TODAY is St George’s Day. He is the patron saint of England, a title that dates back to the 14th century.

St George was a native of Cappadocia, in Asia Minor, and he became a tribute (officer) in the Roman army during the third century AD.

Legend tells us that he was passing through Libya and had just reached a lake near Silene when a dragon was about to attack the king’s daughter, Princess Sabra.

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Basingstoke Gazette: Collection of St Georges Day images

Being in military uniform and with his weapon, he slew the creature with one blow of his lance.

This killing became great news across the country, for everyone feared the dragon and the incident became a symbol of triumph over evil.

But George was not to enjoy his fame for very long, for when he heard about the way the Romans were treating the Christians, he lodged an official complaint, which reached the Emperor, Diocletian, and he was thrown into prison.

George was later beheaded, on April 23, 290AD, but he was not forgotten, for in 303AD he was declared a martyr. He was buried at Lydda, near the Palestine coast.

It was the members of the many crusades in the 14th century that brought back the story about George, and Edward III of England adopted George as the patron saint of the country.

The King instituted his name in the Order of the Garter in 1348. 

St George’s flag is a red cross on a white background and is used as part of the Union Jack. The red rose is his flower and, in the 19th and 20th centuries, the one-pound note showed St George slaying the dragon.

During that later period, St George’s Day was celebrated by military groups and at various schools in England.

April 23 was also the date when William Shakespeare, the playwright, was born in 1564, and the same date that he died in 1616, so it was a prominent occasion for the country to celebrate.

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Another saint with connections to a dragon is St Michael, who is depicted on the Basingstoke Armorial Bearings design, below features which represent the area in Basingstoke and Deane.

St Michael was evidently chosen from the parish church in Church Square, which received its name during the reign of William I when the King gave the church to the Abbey of Mount St Michael, of Normandy, in France. He also gave it one hide of land (about 120 acres) and the tithes of the Basingstoke manor.

Mont St Michel (as it is known in France) is a village in the department of Manche, in France, and is built on a steep granite rock, some 160 feet high, in the Bay of St Michel, about half a mile from the mainland.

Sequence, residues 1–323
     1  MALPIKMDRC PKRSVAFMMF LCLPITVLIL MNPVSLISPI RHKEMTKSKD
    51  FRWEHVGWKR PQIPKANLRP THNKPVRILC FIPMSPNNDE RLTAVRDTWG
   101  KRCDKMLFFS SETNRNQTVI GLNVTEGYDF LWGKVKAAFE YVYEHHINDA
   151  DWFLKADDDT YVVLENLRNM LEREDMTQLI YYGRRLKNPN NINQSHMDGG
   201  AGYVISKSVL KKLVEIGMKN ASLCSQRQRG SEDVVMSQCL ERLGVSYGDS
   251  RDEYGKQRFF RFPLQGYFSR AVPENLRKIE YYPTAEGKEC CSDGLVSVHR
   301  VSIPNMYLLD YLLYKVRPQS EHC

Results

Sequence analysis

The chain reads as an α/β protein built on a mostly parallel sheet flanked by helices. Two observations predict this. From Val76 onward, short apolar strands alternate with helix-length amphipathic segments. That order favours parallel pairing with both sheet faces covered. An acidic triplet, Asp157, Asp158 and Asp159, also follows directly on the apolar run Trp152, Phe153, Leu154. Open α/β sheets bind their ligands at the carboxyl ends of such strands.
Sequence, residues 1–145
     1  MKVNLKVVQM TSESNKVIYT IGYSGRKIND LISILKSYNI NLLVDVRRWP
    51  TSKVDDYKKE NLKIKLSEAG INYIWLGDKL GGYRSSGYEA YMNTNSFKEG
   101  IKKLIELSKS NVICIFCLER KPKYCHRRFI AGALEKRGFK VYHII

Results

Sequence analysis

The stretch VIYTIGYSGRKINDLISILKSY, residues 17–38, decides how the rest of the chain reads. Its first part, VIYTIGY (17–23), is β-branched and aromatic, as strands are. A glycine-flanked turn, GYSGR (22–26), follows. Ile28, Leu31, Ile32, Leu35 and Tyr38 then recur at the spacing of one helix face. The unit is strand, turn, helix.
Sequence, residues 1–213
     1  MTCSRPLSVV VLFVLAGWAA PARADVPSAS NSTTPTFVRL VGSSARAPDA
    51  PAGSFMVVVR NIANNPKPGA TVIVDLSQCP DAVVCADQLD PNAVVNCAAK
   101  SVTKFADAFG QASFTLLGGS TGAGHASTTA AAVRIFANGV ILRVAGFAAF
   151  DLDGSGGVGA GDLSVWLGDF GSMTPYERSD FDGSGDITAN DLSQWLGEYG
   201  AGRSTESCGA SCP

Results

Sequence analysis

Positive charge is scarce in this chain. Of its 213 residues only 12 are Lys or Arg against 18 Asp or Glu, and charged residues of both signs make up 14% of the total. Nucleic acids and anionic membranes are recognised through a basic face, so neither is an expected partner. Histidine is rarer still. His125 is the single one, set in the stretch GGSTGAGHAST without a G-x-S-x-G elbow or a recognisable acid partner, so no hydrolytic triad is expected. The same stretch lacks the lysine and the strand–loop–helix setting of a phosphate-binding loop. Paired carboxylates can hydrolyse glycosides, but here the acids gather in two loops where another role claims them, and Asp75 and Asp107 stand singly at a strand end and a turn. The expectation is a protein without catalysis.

A raised causeway runs along the beach to the rock. On top of the high mound stands the old Benedictine Abbey, which was founded in 708AD. It is said that St Michael appeared on the mount and thus it became a holy place.

Little is known of St Michael, whose day is September 29, except that he was one of the three archangels mentioned in holy scriptures – the others being St Gabriel and St Raphael. Michael was the object of a cult from the earliest Christian times, and a church was built for him in the fourth century near Constantinople.

Saint Michael, like Saint George, was also depicted as having slain a dragon. The myth says he was called to fight against a demon, who had transformed himself into a dragon, with many pieces of artwork depicting the battle.

Another geographical feature in Cornwall is named St Michael’s Mount, but it has no connection with our parish church except by name.

It is four miles from Penzance and stands nearly a mile off shore from Marazion. The mount rises to 250 feet and is topped by a castle. It also has a chapel, which dates back to the 14th century. The mount also has a causeway which is covered by the sea each day, so a boat is needed at times.

The castle was made into a fortress by the Benedictines in 1047.

There has been confusion by writers in the past about the two saints, and the two places associated with St Michael, so it is hoped that this feature sets the record straight.

This article was written by Robert Brown and published on April 23, 2004.